With Mother’s Day upon us, I want to take a moment to honour what being a mother means. But no matter the mother we’ve known, according to my Buddhist training we all owe them a great debt for bringing us into the world, for this life is a precious gift. Mine happens to be incredibly kind, and it’s my good fortune to be celebrating her today.
In the ancient language of Pali (the language the Buddha’s teachings were first recorded in), it’s called Even as a mother protects with her life Her child, her only child, So with a boundless heart Should one cherish all living beings; Radiating kindness over the entire world: Spreading upwards to the skies, And downwards to the depths; Outwards and unbounded, Freed from hatred and ill-will.
— From the Karaniya Metta Sutta: The Buddha’s Words on Loving-Kindness (Sn 1.8), translation by The Amaravati Sangha, To develop a heart that loves all beings immeasurably and without discrimination might sound impossible.
But according to the Buddha, it’s ultimately achievable for any of us. And it is both the potential and preciousness of the lives of the others, too.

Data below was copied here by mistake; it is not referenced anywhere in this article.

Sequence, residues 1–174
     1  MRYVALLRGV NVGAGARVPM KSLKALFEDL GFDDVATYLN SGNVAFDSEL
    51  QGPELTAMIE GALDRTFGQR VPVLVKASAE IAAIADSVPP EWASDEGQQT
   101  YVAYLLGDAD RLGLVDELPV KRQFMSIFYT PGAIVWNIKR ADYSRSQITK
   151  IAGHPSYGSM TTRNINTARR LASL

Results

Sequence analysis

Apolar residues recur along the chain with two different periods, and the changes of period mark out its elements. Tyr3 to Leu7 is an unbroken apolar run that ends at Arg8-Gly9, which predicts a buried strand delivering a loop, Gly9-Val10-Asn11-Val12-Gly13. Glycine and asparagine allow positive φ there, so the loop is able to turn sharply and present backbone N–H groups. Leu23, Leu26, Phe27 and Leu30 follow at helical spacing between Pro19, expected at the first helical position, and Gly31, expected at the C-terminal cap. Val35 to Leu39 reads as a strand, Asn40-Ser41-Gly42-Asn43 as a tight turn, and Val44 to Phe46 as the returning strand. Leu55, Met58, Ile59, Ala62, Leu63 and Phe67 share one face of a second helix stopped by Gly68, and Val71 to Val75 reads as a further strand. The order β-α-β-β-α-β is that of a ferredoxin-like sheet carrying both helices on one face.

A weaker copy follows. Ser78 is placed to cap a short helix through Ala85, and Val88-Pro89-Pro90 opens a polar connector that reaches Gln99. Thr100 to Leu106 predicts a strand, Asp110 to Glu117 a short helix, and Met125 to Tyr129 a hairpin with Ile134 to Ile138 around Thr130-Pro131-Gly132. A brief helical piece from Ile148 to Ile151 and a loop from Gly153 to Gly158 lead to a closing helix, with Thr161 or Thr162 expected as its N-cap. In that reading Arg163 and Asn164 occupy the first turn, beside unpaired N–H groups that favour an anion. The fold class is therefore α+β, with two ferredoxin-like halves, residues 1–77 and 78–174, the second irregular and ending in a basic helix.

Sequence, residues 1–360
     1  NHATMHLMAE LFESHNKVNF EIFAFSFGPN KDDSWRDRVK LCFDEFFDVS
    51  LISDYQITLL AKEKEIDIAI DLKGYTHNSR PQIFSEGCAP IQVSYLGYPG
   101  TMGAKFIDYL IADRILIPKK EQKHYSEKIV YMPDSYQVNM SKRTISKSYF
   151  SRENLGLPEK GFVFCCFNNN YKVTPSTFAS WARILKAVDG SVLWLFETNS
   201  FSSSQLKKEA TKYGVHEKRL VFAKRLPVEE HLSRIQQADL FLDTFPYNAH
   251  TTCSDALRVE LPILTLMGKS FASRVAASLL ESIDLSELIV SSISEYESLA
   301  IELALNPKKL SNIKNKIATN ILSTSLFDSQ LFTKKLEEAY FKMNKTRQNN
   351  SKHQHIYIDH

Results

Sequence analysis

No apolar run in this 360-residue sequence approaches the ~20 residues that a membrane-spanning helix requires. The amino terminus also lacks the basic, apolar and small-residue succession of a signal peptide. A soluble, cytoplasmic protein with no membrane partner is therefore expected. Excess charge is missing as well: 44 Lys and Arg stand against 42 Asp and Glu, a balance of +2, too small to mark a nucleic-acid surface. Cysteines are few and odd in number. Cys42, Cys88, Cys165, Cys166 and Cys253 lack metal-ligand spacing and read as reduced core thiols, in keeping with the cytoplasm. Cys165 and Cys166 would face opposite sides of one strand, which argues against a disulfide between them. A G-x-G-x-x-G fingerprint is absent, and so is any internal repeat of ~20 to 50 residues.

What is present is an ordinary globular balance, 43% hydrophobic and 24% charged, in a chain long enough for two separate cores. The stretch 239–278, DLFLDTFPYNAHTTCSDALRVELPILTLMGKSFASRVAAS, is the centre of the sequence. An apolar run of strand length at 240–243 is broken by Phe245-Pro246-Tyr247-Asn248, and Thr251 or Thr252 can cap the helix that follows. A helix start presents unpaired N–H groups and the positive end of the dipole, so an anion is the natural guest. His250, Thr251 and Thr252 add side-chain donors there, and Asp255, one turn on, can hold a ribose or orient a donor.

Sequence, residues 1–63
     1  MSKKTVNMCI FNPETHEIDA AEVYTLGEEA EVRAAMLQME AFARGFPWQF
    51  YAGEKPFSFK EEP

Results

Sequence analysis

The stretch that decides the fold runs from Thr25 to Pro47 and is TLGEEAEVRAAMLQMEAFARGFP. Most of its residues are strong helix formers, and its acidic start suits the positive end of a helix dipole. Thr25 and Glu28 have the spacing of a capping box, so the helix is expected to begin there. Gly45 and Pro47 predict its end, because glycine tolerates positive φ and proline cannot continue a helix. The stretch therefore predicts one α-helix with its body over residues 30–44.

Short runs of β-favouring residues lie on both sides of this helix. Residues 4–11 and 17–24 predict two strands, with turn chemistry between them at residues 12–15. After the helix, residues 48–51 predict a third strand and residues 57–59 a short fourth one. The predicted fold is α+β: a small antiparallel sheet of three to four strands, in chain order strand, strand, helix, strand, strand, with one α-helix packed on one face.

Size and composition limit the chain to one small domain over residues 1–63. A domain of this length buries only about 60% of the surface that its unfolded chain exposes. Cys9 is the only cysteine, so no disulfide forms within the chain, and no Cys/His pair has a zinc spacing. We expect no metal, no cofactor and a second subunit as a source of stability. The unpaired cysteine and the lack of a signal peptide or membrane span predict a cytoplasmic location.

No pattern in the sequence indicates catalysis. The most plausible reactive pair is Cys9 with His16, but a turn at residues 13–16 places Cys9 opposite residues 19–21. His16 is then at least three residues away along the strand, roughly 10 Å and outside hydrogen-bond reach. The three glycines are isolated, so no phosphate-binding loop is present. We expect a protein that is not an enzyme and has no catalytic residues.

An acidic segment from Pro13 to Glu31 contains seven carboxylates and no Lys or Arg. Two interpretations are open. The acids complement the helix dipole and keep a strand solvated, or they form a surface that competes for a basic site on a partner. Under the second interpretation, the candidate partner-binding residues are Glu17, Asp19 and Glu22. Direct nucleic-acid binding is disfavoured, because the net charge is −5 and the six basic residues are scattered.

Whether you’re a man or a woman, regardless of your sexuality, the colour of your skin, your nationality, ethnicity or political leanings, whether you’re a CEO or a janitor, whether you’re a biological parent or not, you can start cultivating the heart that loves all beings the way a mother loves her child. Coming to the realisation that this is the potential of my own life has been quite a journey, and was the inspiration for .
Given time, we have the potential to develop wisdom.
And we have the innate capacity to both give and receive love.
According my Buddhist training, we also have the capacity to cultivate the qualities of spiritual realisation, or enlightenment.
One such quality is loving-kindness that knows no bounds.
Of course, I can’t give you a road map for developing this level of loving-kindness within the context of your own life.
In the tradition I follow we have great teachers for that, and I’m still a work in progress myself.
But we can all start by working on our mindfulness, learning to be more present in order to see the world around us with clearer eyes, untainted by our relentless judgements and emotional projections.